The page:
The Nagas

Hill Peoples of Northeast India

Project Introduction The Naga Database

typescript - J.H. Hutton's tour diary in the Naga Hills

caption: Architecture and megalithic erections at Nartiang; the popularity of markets
medium: tours
ethnicgroup: AngamiKacha NagaAoSyntengKhasi
location: Jowai Maibong Dimapur Nartiang Jaintia Hills Mokokchung Wokha Kohima
date: 18.10.1925
person: Hutton/ J.H.
date: 7.10.1925-29.10.1925
person: Pitt Rivers Museum Archive, Oxford
refnum: Hutton Ms. Box 2
text: 18th October
text: To Nartiang Bazar and back to Jowai 26 miles. Easy walking most of it, in open country, but it took me from 9.0 a.m. to 6.30 p.m. About half way I passed the top of a knoll which had an unusual horse-shoe shaped cairn on its top and was terraced on one side. Further on I passed a square tank with a disolith by the side of it and others not far off.
text: Nartiang struck me as an attractive site just above a considerable river. Both the place and the people seemed less sophisticated than elsewhere and the site was obviously very ancient as the street is worn away to a depth of some 30 feet between the houses which are approached by flights of stone steps. The houses were mostly of the hog-back type that one sees for instance in the monolithic temple at Maibong in the North Cachar Hills, only the fall of the porches towards the front is much more marked. The new houses with roofs of kerosine tin or corrugated iron sheets preserve, most of them, the old hog-backed type sometimes with the addition of a smoke-vent at the top of the ridge (protected of course), which is also to be seen in one or two of the thatched houses. The compounds looked very clean and the mud steps of the houses were everywhere beautifully "leeped", being reminiscent somehow of Manipur. Of the old palace only the front well and covered gateway is left and the wall fast falling down. Quite recently a large section has fallen over on to a cromlech in front of it, but the roofed gateway with steps up to it is intact. This gateway roof is also hog-backed. The bricks used are small and flat like those at Dimapur. Outside the wall is a square raised plot and on it again a square stone sitting place suggestive of the Angami base. In the village I noticed a small, rough, square cairn of the same sort of type but very degenerate, and quite recent, in front of a house. They told me it was put up by the owner "as a puja", so there are apparently a few of the Ancients left even in this hyper-evangelized tract.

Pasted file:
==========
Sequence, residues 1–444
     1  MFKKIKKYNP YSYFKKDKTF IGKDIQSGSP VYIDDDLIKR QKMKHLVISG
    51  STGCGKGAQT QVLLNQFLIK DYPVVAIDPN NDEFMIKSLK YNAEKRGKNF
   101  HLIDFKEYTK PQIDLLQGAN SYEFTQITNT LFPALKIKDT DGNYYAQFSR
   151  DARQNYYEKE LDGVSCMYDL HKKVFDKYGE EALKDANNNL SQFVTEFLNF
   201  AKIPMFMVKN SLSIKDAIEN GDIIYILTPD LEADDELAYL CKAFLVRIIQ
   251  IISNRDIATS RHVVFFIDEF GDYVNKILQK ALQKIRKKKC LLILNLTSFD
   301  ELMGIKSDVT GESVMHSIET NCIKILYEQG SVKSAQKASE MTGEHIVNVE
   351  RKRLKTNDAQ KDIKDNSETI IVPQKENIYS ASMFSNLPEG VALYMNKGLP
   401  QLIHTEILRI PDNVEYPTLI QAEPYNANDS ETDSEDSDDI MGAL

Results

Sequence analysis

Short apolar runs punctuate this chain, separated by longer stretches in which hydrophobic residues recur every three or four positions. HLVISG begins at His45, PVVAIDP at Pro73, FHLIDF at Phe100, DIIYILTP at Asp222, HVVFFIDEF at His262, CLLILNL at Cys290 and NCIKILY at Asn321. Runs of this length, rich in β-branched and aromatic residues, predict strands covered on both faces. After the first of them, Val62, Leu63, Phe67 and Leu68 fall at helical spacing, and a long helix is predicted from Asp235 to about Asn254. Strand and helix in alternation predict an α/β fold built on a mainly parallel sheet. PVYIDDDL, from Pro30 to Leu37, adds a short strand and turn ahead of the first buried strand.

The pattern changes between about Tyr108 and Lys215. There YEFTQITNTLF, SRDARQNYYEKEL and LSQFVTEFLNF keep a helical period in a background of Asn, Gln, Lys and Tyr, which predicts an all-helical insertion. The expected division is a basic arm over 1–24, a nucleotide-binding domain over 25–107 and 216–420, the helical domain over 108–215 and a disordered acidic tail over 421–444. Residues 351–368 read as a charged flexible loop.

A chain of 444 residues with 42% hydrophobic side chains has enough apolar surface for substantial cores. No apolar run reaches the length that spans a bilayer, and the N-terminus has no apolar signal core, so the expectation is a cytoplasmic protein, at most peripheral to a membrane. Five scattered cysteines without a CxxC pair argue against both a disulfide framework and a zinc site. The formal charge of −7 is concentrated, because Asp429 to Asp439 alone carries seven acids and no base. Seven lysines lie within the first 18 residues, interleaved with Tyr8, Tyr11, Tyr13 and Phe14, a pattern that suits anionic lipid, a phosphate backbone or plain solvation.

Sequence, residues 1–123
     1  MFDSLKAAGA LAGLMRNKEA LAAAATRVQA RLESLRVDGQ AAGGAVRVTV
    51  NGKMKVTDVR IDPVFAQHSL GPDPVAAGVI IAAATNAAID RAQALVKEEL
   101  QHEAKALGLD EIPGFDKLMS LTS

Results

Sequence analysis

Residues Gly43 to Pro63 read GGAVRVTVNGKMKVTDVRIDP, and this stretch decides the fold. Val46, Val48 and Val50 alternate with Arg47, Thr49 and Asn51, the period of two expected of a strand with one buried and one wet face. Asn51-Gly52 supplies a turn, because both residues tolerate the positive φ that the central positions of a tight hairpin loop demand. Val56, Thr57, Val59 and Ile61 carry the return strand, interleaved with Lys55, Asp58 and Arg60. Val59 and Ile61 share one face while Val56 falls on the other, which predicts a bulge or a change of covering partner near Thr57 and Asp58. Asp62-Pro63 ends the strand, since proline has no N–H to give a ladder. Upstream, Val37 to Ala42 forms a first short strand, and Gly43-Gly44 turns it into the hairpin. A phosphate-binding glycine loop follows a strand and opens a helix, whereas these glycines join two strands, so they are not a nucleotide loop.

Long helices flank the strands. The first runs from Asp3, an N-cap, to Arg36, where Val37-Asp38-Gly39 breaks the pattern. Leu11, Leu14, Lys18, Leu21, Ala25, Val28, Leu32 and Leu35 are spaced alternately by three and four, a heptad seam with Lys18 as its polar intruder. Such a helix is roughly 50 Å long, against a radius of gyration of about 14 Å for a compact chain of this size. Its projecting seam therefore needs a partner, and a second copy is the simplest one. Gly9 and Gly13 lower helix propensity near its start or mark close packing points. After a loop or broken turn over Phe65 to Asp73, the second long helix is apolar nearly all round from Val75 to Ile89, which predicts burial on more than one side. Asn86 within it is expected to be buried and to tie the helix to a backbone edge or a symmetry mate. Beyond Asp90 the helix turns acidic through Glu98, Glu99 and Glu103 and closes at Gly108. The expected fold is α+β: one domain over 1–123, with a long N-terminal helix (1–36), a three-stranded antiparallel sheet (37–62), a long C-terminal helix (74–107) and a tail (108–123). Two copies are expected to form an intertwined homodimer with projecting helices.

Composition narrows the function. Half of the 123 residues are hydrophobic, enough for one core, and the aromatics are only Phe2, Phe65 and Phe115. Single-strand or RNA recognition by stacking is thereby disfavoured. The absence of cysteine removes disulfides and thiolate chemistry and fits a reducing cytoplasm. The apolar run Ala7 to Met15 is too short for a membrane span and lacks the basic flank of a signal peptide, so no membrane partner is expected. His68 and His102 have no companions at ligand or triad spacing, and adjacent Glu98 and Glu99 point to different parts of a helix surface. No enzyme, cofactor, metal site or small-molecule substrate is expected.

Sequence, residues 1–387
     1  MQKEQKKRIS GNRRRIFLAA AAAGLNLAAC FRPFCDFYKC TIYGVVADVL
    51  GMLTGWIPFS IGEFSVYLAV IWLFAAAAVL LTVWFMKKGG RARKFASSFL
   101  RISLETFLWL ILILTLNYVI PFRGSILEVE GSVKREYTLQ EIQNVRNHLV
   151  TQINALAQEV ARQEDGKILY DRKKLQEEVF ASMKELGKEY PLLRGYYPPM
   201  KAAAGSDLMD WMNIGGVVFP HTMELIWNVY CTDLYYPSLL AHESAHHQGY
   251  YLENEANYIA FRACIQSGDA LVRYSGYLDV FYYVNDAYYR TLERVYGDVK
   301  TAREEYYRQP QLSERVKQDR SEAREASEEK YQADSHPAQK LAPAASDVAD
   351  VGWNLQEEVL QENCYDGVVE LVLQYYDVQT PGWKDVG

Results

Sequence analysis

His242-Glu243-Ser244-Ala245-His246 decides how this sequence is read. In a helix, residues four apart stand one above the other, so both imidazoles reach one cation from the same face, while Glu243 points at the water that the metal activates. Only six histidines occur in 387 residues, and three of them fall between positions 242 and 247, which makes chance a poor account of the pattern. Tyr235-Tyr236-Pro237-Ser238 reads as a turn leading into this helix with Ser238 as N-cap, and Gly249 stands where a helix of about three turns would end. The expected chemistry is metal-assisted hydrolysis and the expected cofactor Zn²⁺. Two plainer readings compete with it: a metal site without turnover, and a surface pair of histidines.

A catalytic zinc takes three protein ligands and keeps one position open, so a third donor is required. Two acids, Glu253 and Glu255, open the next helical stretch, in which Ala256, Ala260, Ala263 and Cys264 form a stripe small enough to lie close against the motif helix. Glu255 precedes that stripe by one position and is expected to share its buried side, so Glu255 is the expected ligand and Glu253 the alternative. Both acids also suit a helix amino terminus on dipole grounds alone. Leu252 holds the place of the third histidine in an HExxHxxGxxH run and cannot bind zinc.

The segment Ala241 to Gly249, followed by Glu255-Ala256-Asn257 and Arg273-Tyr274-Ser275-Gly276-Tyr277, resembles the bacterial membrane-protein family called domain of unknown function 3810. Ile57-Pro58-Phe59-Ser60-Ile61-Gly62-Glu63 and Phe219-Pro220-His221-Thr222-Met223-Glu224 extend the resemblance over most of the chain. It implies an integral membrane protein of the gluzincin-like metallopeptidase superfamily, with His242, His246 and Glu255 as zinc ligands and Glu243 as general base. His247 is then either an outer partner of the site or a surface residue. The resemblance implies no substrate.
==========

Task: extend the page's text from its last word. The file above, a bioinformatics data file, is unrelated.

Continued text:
text: From Nartiang to Nartiang Bazar is about a mile through what is now jungle but was probably once an inhabited town. There are several tanks about, one of them very large, and traces of a rampart or embankment of some sort. A stream crossing the path is bridged by a single monolithic span 26 and a half feet long, and at the bazar itself there is another small tank with a dissolith beside it. As in the Kacha Naga country, where dissoliths are likewise popular, there seems to be a pretty close association of stone erecting with water. The bazar itself is a wonderful collection of menhirs and cromlechs. The biggest menhir still standing measured 26 feet from the ground level to the top, 6'6" in breadth and 2'8" in thickness, and had an enormous flat stone in the form of a cromlech at its base, but the whole clearing, which is surrounded by big trees, is a mass of smaller menhir and cromlechs and in amongst them, though a mile from the nearest dwelling place, are rows of little huts constituting the local market, no doubt a survival from the time when the town filled much of the space between the market place and the palace. It is interesting to note that one of the traditions of the Dimapur stones is that they occupy the site of an ancient market place, for Nartiang Bazar undoubtedly reminds one of Dimapur Rajbari. One of the striking points about the Jaintia hills is the excessive fondness of the people, particularly the women, for markets. The smallest villages have market places and those of Nartiang and Jowai large out of proportion to their population. This is a trait shared by the Manipuri but quite foreign to the Naga, except the Ao, who make a great thing of the Mokokchung weekly market, whereas repeated attempts to foster a similar institution at Kohima and Wokha have failed utterly and completely.
text: I noticed the Synteng women wearing the cloth gaiters likewise associated with the Ao and I think with the women of some Yunnan tribes. The Khasi women seem to have substituted for gaiters a footless stocking of knitted wool.